Hoof beats set hearts aflutter
To their Belle: Beleura Village residents, above, toast the much-loved filly’s success at Mornington, Monday.
Free green waste
Out she comes: Strapper Jason Leatherby, right, leads Beleura Belle to the track. Pictures: supplied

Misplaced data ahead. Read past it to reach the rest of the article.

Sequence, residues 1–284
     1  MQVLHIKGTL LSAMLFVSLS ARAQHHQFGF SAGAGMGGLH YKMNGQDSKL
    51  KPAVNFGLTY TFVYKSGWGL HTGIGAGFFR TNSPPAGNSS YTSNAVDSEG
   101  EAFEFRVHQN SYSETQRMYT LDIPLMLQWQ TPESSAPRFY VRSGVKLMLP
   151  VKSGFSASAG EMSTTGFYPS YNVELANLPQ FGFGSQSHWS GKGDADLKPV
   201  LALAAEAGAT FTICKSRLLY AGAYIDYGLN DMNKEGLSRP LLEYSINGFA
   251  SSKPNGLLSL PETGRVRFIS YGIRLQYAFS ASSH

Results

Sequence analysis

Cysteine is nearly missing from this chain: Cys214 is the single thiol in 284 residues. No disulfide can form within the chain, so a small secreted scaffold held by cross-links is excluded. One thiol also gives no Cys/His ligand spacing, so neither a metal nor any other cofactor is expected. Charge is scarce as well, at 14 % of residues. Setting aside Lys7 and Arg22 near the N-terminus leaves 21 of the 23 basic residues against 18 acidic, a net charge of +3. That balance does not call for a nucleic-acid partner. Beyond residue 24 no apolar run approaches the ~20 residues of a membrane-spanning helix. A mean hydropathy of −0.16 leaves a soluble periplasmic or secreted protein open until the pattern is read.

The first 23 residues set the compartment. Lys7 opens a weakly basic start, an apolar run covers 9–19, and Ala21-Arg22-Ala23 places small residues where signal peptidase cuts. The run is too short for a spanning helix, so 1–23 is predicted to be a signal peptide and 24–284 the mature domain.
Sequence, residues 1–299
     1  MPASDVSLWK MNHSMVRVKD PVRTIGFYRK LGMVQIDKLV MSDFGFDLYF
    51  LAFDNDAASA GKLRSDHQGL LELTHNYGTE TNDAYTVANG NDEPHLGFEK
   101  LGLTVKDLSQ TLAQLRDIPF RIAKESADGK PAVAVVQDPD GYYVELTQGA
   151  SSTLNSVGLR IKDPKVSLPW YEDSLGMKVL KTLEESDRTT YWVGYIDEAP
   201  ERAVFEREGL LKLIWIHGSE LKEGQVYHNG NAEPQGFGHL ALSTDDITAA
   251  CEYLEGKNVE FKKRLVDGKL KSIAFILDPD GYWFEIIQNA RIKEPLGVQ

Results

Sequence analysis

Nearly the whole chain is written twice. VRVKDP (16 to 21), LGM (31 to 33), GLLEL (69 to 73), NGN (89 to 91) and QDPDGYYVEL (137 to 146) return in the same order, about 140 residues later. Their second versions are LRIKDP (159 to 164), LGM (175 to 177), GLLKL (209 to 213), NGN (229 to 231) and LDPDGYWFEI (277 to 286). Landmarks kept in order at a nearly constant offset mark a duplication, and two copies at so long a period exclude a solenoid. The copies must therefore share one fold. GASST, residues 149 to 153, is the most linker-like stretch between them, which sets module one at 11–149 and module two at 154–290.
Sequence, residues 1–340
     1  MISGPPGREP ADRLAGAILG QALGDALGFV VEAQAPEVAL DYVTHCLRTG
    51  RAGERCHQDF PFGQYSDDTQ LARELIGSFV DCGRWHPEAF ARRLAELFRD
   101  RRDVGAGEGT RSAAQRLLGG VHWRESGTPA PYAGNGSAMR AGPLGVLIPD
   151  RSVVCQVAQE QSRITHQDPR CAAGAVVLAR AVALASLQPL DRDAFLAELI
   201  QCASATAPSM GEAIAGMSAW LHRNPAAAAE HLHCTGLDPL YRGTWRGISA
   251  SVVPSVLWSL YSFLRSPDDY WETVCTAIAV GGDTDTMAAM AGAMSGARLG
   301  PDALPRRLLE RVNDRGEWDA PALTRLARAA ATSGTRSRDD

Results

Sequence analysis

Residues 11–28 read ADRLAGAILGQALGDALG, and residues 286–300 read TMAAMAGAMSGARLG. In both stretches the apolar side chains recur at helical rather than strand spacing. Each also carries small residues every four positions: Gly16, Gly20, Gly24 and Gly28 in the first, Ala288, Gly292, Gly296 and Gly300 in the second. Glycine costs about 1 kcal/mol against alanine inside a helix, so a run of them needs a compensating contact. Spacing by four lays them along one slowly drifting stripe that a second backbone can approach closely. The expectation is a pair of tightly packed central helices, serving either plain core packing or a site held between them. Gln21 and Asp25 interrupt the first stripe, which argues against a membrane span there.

it’s onto a good thing, too. “Having more people involved in owning a racehorse makes it more affordable – and it certainly brings more people to the course,” general manager Stephen Bell said. “Tony [Noonan] has been proactive in this regard and he’s now reaping the rewards. “We’ve had a massive increase in attendance, especially for a Monday meeting, and the groups have generated lots of atmosphere and excitement even early in the day.” Beleura Belle’s $9000 prizemoney would not have been much money after being divided up among so many owners and deducting the trainer’s and jockey’s fees, but it can add up. Word has it that the mums from St Thomas More Primary have been able to put aside $2000 for other social activities. And that’s on top of the fun they had watching Beleura Belle salute the judge. Mrs Rook said the 40 members of her syndicate met once a month and “enjoyed it so much”. “For the small amount we’ve put in it’s been wonderful and created such a sense of community,” she said. Half of her 40-member group attended the Mornington race for “their” filly’s first win. “She was ‘on the brink’ last time; it’s a learning curve. “She was the favourite [Monday] but she’ll always be at short odds because there’s so many of us backing her in syndicates.”